input (time) (cost) (materials);
    }
}

ContractJob job1;
ContractJob job2;

write (job1) (job2) ();
read (job1) (job2);
===============

10) "whisper" is a cool name :-p


You can read more about Mango I/O in the source code, such as here:

http://trac.dsource.org/projects/mango/browser/trunk/mango/io/Buffer.d http://trac.dsource.org/projects/mango/browser/trunk/mango/io/Writer.d http://trac.dsource.org/projects/mango/browser/trunk/mango/io/Reader.d

~~~~~~~~~~~~~~~~~~~~~~~~~~~~~



Now I'll try to identify a distinction. For my purposes, there are really two types of I/O in general usage ~ where one is a special case of the other.

1) raw data I/O

2) formatted, or readable, I/O; though I'll try to keep things simple by avoiding XML et. al.

Whisper syntax is all about the first instance. Through subclassing, it handles things like endian issues, class serialization, and so on.

Formatted I/O, and output in particular, is a really useful thing to have. Witness the various remarks from Walter about printf() and why it was still around in D for ages. Console output is perhaps the predominant area for such things, though files used to be written this way also. I find printf() formatting invaluable for console output also, but prefer something more robust for the long-term ~ logging APIs are one solution there. I should also note that, IMO, all the nice little formatting capabilites in printf() should actually be exposed as a cohesive and efficient set of discrete functions; for usage in areas other than console interaction. Mango.convert takes care of this by exposing each discrete function that the formatter uses. That's simply a design choice.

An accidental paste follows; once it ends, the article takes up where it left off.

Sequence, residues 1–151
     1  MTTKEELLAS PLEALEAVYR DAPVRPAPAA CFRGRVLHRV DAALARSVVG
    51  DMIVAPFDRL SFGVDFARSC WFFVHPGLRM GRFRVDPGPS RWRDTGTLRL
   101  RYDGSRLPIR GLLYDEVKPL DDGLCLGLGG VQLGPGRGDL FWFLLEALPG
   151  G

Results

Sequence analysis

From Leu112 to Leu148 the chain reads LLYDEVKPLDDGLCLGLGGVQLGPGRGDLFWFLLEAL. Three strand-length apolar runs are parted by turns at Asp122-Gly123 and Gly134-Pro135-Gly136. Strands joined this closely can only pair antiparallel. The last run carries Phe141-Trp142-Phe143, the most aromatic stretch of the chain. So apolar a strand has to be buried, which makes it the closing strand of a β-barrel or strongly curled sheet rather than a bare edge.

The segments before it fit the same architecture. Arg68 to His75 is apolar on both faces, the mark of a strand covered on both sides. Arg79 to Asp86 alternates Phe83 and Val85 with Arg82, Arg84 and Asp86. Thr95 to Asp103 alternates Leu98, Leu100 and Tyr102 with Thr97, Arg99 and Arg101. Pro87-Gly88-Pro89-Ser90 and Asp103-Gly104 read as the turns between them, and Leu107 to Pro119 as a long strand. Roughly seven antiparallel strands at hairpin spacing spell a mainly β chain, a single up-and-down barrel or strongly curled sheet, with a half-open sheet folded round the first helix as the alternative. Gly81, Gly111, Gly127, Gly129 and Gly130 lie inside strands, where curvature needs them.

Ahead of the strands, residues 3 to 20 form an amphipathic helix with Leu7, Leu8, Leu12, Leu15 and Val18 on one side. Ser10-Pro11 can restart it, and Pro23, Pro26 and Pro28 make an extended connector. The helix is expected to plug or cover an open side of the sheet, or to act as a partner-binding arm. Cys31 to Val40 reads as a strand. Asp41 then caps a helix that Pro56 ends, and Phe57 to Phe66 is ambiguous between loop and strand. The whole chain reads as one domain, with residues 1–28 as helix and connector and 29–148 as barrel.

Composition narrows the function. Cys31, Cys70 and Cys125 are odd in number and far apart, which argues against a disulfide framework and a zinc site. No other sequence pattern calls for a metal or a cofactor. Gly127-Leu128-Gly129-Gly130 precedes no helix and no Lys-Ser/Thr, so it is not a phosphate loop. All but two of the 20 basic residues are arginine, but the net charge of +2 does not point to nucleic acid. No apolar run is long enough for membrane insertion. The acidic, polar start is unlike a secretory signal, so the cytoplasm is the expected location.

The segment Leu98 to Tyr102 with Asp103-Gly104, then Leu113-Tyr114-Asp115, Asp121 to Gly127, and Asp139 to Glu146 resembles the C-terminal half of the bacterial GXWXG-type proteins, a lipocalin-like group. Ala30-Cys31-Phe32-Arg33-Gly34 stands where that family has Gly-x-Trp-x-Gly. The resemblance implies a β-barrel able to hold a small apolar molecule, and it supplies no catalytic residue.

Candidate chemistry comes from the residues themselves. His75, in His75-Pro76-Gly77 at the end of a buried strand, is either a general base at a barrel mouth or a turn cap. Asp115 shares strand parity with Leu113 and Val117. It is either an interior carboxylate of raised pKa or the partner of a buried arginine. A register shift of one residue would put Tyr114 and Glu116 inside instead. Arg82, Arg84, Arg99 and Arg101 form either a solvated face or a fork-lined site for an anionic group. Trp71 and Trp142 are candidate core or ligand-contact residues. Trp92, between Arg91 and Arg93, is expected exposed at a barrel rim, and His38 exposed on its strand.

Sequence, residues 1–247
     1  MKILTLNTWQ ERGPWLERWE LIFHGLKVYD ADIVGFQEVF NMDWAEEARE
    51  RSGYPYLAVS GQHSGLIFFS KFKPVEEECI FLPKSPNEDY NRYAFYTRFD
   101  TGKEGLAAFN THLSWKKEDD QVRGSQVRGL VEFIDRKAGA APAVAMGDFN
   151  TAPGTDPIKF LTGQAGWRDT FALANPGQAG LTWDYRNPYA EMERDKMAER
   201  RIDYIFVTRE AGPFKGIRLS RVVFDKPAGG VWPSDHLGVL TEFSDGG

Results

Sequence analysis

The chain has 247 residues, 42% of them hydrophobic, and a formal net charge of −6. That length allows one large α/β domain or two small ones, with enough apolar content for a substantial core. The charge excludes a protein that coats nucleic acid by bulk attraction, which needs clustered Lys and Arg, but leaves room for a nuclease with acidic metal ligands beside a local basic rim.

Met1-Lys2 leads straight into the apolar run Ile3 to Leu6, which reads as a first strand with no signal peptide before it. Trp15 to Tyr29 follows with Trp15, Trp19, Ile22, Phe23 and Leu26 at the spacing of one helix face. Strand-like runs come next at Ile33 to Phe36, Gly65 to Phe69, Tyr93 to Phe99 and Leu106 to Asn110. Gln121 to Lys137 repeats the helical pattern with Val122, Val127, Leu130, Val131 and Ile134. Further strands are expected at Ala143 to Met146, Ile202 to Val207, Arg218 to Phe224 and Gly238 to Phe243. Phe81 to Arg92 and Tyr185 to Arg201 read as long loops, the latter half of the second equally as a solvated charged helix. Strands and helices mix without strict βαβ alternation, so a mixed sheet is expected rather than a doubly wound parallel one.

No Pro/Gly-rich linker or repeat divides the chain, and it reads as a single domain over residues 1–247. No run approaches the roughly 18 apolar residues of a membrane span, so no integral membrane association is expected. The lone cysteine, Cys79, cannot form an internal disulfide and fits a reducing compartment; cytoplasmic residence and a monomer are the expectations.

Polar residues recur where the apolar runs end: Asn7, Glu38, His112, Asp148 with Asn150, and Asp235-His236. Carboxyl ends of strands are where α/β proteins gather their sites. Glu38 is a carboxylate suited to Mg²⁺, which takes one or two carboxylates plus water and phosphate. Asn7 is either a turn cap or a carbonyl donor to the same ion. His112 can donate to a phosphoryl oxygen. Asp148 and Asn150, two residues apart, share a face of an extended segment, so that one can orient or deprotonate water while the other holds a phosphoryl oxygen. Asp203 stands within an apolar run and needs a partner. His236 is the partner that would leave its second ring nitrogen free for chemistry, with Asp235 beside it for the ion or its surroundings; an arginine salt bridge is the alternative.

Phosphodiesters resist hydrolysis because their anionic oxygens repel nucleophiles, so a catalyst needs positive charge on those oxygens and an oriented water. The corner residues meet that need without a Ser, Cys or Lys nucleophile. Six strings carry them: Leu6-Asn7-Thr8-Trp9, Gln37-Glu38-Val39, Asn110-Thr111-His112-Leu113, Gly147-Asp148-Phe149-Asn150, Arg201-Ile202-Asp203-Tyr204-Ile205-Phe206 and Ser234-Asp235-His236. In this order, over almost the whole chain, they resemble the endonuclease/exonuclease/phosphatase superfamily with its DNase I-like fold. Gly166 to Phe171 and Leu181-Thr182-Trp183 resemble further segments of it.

Anyway, I find there's a delineation between #1 & #2, but with some overlap. Of course, it would be great to blend the two camps together. Mango.io has experimented in this area by adding print() and println() methods to a writer subclass called DisplayWriter ~ which avoids some concerns such as redundant buffering.

Someone mentioned earlier that they thought Walter had "rejected" the idea of using opCall. In retrospect (after reading Justin's link), it's clear to me Walter felt that typesafe varargs were a better way to handle formatted output. I, for one, fully agree! So he added typesafe varargs, and I assume moved onto better things. Yet, formatted output is not the focus of "whisper", which is why mango.io has significant support for formatting and tokenizing *as a seperate entity* from raw I/O.

I really want to point out two things that may get lost here:

1) whisper gets compile-time type-safety applied, and is truly symmetrical in usage.

2) Strewth! it's just an I/O package! I really just can't believe all the fuss and bad feeling over this ~ it's like mango.io were holding someone's child for randsom!  Everyone, get over it :-) And, if you like the notions, then please lend a hand with the Mango project ~ the more the merrier ;-)

(*cough*)


So, in summary, mango.io leverages both approaches. It's horses-for-courses all over again. Does that help?

- Kris